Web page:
GLAM4GOOD x STRAIGHTFORWARD FOUNDATION
Supermodels and Victoria’s Secret Angels Martha Hunt and Lindsay Ellingson are used to showing skin. But this time its different, these courageous young women are baring their scars and struggles in hopes their personal experiences will empower other girls. Both models are featured in an inspiring photographic campaign for the StraightForward Foundation called #IAMSTRAIGHTFORWARD. The StraightForward Foundation was founded by stylist Marcus John in 2016 with a vision to share the remarkable stories of people affected by Scoliosis and to create a world where people living with the condition do not feel invisible. GLAM4GOOD is honored to share Martha and Lindsay’s brave Scoliosis stories.
Supermodel Martha Hunt was diagnosed with Scoliosis at age 14. At the time, she felt like her body was betraying her, and she was lonely because she didn’t know anyone else going through it. Scoliosis made it harder for Martha to have full body confidence in a career path where displaying her body is, for the most part, non-negotiable. She continues to strengthen her core and back by remaining active.
Though her spinal fusion did not completely correct her curvature, she has remained disciplined and determined to stay strong. Martha hopes that science continues to further safer and effective treatments. Spinal fusions can be high risk, tethering is a hot topic, and braces can be frustrating for patients. Martha feels scoliosis is often overlooked and many people do not realize how much it affects patients and their support systems.
”Scoliosis didn’t stop me from succeeding in life and in my career, and I would like others to emulate that mentality.”
This ambitious, goofy, hard-working, loyal, and sincere model enjoys writing in her free time, hanging out with her dog outdoors, surfing, dancing, and being active. Along with becoming a Victoria’s Secret Angel, Martha’s biggest achievement is working with young girls who have scoliosis by empowering them and helping to spread awareness. “We need to campaign for parents, doctors, and schools to check their kids starting from a young age to their adolescent years.”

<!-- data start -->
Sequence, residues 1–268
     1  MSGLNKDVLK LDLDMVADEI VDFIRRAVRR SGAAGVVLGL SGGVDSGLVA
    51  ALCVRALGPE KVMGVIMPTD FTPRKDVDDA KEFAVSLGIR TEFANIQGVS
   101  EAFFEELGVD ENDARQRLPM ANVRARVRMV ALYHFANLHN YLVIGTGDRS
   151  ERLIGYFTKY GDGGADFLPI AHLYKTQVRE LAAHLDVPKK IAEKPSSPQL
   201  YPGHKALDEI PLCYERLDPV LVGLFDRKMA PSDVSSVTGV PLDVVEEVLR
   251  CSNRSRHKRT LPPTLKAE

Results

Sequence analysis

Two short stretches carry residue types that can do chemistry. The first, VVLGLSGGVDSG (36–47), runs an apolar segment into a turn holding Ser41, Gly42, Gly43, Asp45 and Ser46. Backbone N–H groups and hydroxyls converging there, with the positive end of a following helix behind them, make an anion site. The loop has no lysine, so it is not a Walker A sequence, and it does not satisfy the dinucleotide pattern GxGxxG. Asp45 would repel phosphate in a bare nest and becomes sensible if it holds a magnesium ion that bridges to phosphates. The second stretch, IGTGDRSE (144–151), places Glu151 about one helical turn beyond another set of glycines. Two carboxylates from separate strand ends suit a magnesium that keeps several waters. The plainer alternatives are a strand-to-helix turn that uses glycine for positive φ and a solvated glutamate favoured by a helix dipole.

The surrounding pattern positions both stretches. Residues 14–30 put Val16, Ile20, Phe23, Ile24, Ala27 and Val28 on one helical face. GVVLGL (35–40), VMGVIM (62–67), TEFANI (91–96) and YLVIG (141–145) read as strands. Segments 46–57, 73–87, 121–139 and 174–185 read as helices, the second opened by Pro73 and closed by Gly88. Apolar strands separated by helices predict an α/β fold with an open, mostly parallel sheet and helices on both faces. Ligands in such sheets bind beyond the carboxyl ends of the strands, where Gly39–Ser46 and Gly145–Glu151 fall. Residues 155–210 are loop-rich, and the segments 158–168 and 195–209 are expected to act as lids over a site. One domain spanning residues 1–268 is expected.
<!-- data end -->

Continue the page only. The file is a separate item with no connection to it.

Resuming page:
She works hard to spread awareness in her daily life, including advocating for NIH-funding on Capital Hill for spine deformity research. She has also organized events for scoliosis support groups and co-designed necklaces to support scoliosis organizations she works with.
Martha encourages younger individuals to stay informed of all treatment options. Her message is to stay on top of their condition because the spine moves quicker than one would think. And finally, she says, “Life goes on.”
“I wouldn’t be the woman I am today without such a challenge early in my life. I have been a powerhouse of determination and have worked relentlessly to achieve my dreams.”
Lindsay Ellingson was diagnosed with Scoliosis at age 11. After her gymnastics coach noticed her uneven lower back muscles in class one day. Lindsay was diagnosed with Idiopathic Scoliosis (spine shaped like an S). She spent the next two years in a brace for 23.5 hours a day before undergoing spinal fusion surgery at age 13. “After my operation, I felt a new inner power that pushed me to set high goals for myself, I am constantly testing and expanding the boundaries of my comfort zone.”
Her world turned upside down from the diagnosis, bracing, and surgery, but Lindsay went on to graduate in the top 10 of her high school class, was then accepted into the University of California San Diego, and made the competitive dance team at UCSD. She then started her modeling career in Paris, walked in hundreds of couture and fashion shows, was a Victoria’s Secret Angel and carried many of the heaviest wings. In addition to her professional success as a model, she is now an entrepreneur and co-founder of a line of cosmetics. Despite all of that, she believes her greatest achievement was the mental and physical strength it took to get through bracing, spinal fusion surgery and recovery. Lindsay would like to educate parents about Scoliosis and find a way to teach them how to screen their own children if their states don’t offer it.